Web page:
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It follows that pre-conviction probation likewise is within the inherent and implied judicial authority. United States v. Smith, 444 F. 2d 61-62 (8 Cir. 1971), cert. den. 405 U.S. 977, 92 S. Ct. 1205, 31 L. Ed. 2d 253 (1974). The court there said, "[W]e think the course of the common law in England and the development of the common law and statutory law in the United States demonstrate that the courts have the inherent power to place restrictive conditions upon the granting of bail." The Federal Bail Reform Act (1966), 18 U.S.C.A. 3146 et seq., authorizes federal courts to place an accused in the custody of a designated person or organization agreeing to supervise him, or to place restrictions on his travel, associations or place of abode, pending trial.
American Bar Ass'n, Standards Relating to Pretrial Release (1968), recommends the same type of restrictions and includes the placing of an accused under the supervision of a probation officer or other public official. § 5.2(b)(ii). See also R. 3:26-1(a).
It is certainly a reasonable conclusion that, if to insure the appearance of an accused before trial, the court may place him under probationary supervision without subsequent credit on the sentence, it has such authority after conviction pending appeal without credit.
Commonly, in this and other jurisdictions, courts suspend custodial sentences and place defendants on probation for a definite term. For violation of the terms of their probation they may be resentenced to custodial punishment. But they are not entitled to credit on any subsequent sentence for the earlier terms of probation. State v. Fisher, 115 N.J. Super. 373 (App. Div. 1971). The same is true in parole cases. State v. Allison, 81 N.J. Super. 390 (App. Div. 1963).
The fact that it is legal and is common practice, as illustrated by such cases as State v. Fisher, supra; State v. Pascal, 133 N.J.L. 528 (Sup. Ct. 1946); Id. 1 N.J. 261 (1949), to impose the same or even greater custodial sentence than that which was suspended without any credit for probationary
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time indicates that defendants are not entitled to credit either on account of the term of a custodial sentence or upon an additional probationary term.
As stated by the Appellate Division in Adamo v. McCorkle, supra, 26 N.J. Super. 562 (App. Div. 1953), rev. on other grounds 13 N.J. 561 (1953), probation is not a sentence in itself, but rather is a device that, among other things, designates a period during which the imposition of the execution of the sentence is suspended and the convicted person is permitted to continue at large upon stated conditions, upon the violation of which he makes himself liable to imprisonment.
R. 3:21-8 states that a defendant shall receive credit on the term of a custodial sentence for any time he has served in custody in jail or in a state hospital between his arrest and imposition of sentence. This rule, by its failure to even refer to probation, impliedly confirms that it was never even considered as a basis for credit in any situation where it occurs before execution of sentence.
Torres v. Wagner, 121 N.J. Super. 457 (App. Div. 1972), held that a statute (N.J.S.A. 30:4-140) which specifically excluded time credits for time served in custody between arrest and imposition of sentence from being calculated with respect to credits against maximum and minimum terms of the sentence of persons committed to state correctional institutions, was free of constitutional defect.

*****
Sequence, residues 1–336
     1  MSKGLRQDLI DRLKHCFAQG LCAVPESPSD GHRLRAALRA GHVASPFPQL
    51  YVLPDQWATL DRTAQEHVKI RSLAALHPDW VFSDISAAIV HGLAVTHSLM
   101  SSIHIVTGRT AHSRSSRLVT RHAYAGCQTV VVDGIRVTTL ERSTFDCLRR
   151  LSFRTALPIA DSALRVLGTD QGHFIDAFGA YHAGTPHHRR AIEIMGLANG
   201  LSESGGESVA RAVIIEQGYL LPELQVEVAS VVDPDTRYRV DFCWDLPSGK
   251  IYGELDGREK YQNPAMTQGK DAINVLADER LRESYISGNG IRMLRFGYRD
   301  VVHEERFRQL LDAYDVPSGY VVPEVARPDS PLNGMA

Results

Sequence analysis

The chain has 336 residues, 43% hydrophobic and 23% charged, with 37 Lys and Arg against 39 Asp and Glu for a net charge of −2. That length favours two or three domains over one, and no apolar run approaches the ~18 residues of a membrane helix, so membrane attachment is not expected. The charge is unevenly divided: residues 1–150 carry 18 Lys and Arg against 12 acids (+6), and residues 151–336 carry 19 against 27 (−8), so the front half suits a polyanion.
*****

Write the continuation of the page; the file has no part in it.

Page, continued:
What was said in State v. Lee, 60 N.J. 53, 58 (1972), is pertinent. In that case the court held that, pursuant to R. 3:21-8, time served in a state hospital between arrest and imposition of sentence was to be credited upon an indeterminate sentence imposed on defendant under the Sex Offender Act, N.J.S.A. 2A:164-3 et seq. The court, in reference to R. 3:21-8, said: "Where, as here, the defendant was not placed on probation (N.J.S.A. 2A:164-6(a)) but was committed to an institution (N.J.S.A. 2A:164-6(b)), his sentence under the Act was clearly a custodial one which comes within the letter as well as the purpose of the rule."
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The adoption of R. 3:21-8 was probably influenced by State v. Benes, 16 N.J. 389 (1954), in which the court held that time spent in a state hospital by defendant for purposes of presentence examination was not to be credited against his sentence under then R.R. 3:7-10(g). But regardless of whether this is so or not it is a clear holding that, except for a statute or rule otherwise requiring same, even custodial retention will not be credited upon a custodial sentence subsequently imposed.
As with parole, probation may likewise be considered as an act of favor on the part of the State, not a matter of right on the part of the prisoner. State ex rel. Kincaid v. State Parole Board, 53 N.J. Super. 526 (App. Div. 1959).
Pretrial probation may be said to be due to some demand of the law other than that based on a criminal conviction. It is a necessary part of the process in the criminal procedures system, as much for the benefit of a defendant as for the facility of the system. It need not be considered as part of the punishment which the law exacts. State v. Kennedy, 106 Ariz. 190, 192, 472 P. 2d 59, 61 (Sup. Ct. 1970).
Our own cases and other authorities as already referred to hereinabove indicate that although probation may be considered as painful and burdensome -- as part of a condition for withholding the execution of the sentence pending appeal -- a defendant is not entitled to any credit on either the subsequent term of incarceration or probation. It is more appropriately a "demand of the law other than that based upon his conviction." State v. Kennedy, supra, 106 Ariz. at 193, 472 P. 2d at 61.
In the instant case, realistically, there was a quid pro quo in that Braeunig remained at large and at the same time the court was satisfied with respect to the payment of the fine and costs (viewing the situation as of September 1971) and his eventual appearance when and if his appeal was futile.
For these reasons I deny defendant's application.